Pak Experts Inspect 1000 MW Pakal Dul HEP

JAMMU — A high-level team of Pakistani experts inspected the 1000 MW Pakal Dul hydroelectric power project being built on the Chenab river basin in Jammu and Kashmir's Kishtwar district under the provisions of the Indus Waters Treaty (IWT), officials said.

The three-member team, headed by Pakistan's Commissioner for Indus Waters Syed Mehr Ali Shah, visited the site of the 1,000-MW Pakal Dul hydroelectric project (HEP), they said.

The team, which arrived in Jammu on Monday, reached Kishtwar late in the evening, the officials said.

The inspection is mandated under the treaty to resolve issues on the various hydro-electric projects.

In August last year, India and Pakistan had high-level bilateral talks on the IWT to strengthen the role of the Permanent Indus Commission for matters under the 1960 treaty.

After the talks, India had invited Pakistani experts to visit the sites of Pakal Dul and Lower Kalnai projects to address Islamabad's concerns.

This tour is an obligation imposed on both the countries by the Indus Waters Treaty 1960 between India and Pakistan and under the treaty, both the commissioners are mandated to inspect sites and works on both the sides of Indus basin in a block of five years, a senior official had said.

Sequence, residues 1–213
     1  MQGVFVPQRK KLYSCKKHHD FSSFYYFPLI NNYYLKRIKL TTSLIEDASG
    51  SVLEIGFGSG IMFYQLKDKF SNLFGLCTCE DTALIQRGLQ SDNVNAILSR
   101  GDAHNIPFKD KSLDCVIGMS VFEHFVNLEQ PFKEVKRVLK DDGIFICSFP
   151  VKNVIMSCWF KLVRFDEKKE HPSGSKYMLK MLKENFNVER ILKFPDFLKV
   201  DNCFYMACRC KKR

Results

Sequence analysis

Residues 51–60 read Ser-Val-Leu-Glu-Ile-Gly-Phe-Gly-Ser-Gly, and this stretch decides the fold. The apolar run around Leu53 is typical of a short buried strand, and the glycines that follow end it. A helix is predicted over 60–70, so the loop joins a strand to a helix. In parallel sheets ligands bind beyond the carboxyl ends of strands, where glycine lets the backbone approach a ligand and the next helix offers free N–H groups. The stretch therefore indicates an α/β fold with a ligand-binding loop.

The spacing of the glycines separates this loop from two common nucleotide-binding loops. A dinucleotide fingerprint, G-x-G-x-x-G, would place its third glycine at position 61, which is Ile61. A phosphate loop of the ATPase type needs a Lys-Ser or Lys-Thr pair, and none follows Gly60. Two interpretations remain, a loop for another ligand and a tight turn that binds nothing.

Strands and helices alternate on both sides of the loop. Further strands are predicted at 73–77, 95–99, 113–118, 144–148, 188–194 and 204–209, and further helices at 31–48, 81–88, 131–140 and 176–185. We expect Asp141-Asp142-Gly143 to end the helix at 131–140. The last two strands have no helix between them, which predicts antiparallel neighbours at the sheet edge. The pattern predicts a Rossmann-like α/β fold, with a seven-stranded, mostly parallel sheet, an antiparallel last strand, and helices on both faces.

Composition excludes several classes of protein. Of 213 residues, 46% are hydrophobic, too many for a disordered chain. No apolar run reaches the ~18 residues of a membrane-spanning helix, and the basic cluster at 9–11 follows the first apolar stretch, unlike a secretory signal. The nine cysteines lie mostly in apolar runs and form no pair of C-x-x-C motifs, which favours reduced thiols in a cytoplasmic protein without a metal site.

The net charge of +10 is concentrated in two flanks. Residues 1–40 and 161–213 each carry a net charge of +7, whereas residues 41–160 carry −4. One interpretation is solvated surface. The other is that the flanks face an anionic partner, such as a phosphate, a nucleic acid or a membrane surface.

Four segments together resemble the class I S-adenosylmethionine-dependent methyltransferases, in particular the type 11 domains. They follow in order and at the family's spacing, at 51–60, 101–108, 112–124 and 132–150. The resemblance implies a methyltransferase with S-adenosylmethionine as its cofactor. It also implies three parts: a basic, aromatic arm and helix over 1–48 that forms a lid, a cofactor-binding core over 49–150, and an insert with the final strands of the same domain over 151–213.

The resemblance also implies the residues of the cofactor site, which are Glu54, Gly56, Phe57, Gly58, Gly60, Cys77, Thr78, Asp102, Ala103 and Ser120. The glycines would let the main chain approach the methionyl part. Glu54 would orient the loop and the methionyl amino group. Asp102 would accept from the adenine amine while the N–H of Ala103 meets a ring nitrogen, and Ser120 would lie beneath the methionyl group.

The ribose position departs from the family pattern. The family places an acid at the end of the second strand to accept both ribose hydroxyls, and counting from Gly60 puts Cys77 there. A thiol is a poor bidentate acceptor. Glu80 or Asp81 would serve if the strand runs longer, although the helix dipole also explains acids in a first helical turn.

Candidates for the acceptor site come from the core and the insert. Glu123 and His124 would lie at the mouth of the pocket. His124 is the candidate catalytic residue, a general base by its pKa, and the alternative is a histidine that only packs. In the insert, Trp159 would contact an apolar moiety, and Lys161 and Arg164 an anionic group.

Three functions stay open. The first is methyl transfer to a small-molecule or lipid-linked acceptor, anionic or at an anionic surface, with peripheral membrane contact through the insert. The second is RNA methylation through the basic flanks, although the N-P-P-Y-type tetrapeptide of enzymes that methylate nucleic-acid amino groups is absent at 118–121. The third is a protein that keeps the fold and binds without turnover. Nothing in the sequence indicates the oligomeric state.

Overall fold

Signing the treaty, a total of 118 such tours on both the sides have been undertaken by the commission.

The last tours of the commission in Pakistan and India were held in July 2013 and September 2014, respectively.

No tour could be held so far in the current five years block which ends in March 2020.

This tour will be followed by a visit of Indian Indus Commissioner to Pakistan at a mutually convenient date decided between the two commissioners, the official added.

This tour was originally scheduled in October 2018 but later postponed because of the local bodies and panchayat polls in J&K.

Under the Indus Waters Treaty, waters flowing in three of Indus tributaries -- the Sutlej, the Beas and the Ravi -- have been allotted to India; while the Chenab, Jhelum and Indus waters have been allotted to Pakistan.


Be Part of Quality Journalism

Quality journalism takes a lot of time, money and hard work to produce and despite all the hardships we still do it. Our reporters and editors are working overtime in Kashmir and beyond to cover what you care about, break big stories, and expose injustices that can change lives. Today more people are reading Kashmir Observer than ever, but only a handful are paying while advertising revenues are falling fast.



Leave a Reply

Your email address will not be published.